HONOLULU (AP) — State and federal officials plan to update the public with the latest information on the Honolulu Harbor molasses spill.
Officials from the state Department of Health, U.S. Environmental Protection Agency and other agencies will be briefing media Friday.
They plan to discuss water samples, dead fish collected and their monitoring of the spill.
As much as 1,400 tons of molasses leaked in the industrial area from an old pipe owned by Matson Navigation Co., suffocating fish and other marine life as it spread and sank to the ocean floor. The spill happened in an industrial area of Honolulu Harbor west of downtown, where Matson loads molasses and other goods for shipping. The area is about 5 miles west of Waikiki's hotels and beaches, Hawaii's most popular tourist area.
Federal and state officials have been responding since then but have largely relied on natural water currents and weather to dilute and flush the molasses out of the harbor and a nearby lagoon. About 233,000 gallons of the surgary substance spilled — equivalent to what would fill about seven rail cars or about one-third of an Olympic-sized swimming pool.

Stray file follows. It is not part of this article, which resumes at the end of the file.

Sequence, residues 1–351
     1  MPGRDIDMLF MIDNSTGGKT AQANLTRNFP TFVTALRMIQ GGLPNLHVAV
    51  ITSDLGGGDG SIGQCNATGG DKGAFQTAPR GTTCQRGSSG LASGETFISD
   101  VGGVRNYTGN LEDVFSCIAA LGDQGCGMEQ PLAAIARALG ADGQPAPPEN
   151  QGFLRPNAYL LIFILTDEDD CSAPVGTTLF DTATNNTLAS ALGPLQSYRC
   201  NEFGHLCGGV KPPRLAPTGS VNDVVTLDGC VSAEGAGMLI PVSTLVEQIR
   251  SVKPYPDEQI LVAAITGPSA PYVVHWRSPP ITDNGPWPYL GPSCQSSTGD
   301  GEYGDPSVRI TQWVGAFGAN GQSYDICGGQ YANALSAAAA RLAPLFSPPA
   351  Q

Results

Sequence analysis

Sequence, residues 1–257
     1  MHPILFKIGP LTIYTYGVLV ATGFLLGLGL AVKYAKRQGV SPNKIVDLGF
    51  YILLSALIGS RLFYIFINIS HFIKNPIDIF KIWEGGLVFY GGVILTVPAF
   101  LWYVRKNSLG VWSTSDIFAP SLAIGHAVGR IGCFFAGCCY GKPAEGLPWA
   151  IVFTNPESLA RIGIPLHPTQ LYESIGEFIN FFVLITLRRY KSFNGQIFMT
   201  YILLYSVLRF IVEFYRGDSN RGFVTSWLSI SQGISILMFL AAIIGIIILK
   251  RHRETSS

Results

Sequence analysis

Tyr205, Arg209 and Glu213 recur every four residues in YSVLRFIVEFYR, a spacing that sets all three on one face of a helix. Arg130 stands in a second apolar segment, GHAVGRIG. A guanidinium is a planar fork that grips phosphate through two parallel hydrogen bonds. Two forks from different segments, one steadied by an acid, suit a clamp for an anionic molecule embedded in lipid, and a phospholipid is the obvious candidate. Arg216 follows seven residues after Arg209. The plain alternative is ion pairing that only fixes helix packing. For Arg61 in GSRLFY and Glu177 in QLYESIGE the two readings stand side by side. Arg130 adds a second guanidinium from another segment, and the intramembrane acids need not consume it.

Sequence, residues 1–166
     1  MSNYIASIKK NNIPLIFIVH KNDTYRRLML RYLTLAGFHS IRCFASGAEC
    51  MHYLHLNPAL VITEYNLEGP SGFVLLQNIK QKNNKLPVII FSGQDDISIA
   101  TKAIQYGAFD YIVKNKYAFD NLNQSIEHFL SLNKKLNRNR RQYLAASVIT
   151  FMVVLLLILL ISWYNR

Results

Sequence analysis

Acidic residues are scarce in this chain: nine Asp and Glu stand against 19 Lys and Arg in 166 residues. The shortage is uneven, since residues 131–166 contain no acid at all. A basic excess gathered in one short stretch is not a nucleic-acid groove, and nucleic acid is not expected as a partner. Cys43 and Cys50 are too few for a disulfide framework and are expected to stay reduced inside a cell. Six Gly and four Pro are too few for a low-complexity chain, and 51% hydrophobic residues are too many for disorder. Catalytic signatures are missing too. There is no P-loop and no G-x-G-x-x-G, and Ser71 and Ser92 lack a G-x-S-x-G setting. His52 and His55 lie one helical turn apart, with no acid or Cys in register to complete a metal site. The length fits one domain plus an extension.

Matson learned about the spill on Sept. 9 from a neighbor who noticed something in the water, one day after Matson finished pumping molasses to a boat leaving for Oakland, Calif. The company later discovered the molasses oozed out from a section of pipe it thought had been sealed off.
The company and state officials were unprepared, with no contingency plans for what to do in case of a molasses spill. Matson and state officials have said they maintain plans for spills of more hazardous substances like oil or fuel, but not for molasses. Matson has loaded and transported molasses at the harbor for about 30 years.
As of Wednesday, more than 26,000 dead fish, shellfish and other specimens of marine life had been collected from nearby waters, but no endangered species have been identified among them.
Matson says the company will fully pay for cleanup and other costs without passing them on to taxpayers or by raising shipping rates on customers. CEO Matt Cox said earlier this week it was too early to tell how much the cleanup would cost.
Matson ships molasses from Hawaii to the mainland about once a week. Molasses are a made at Hawaii's last sugar plantation, run by Hawaiian Commercial & Sugar Co. on Maui.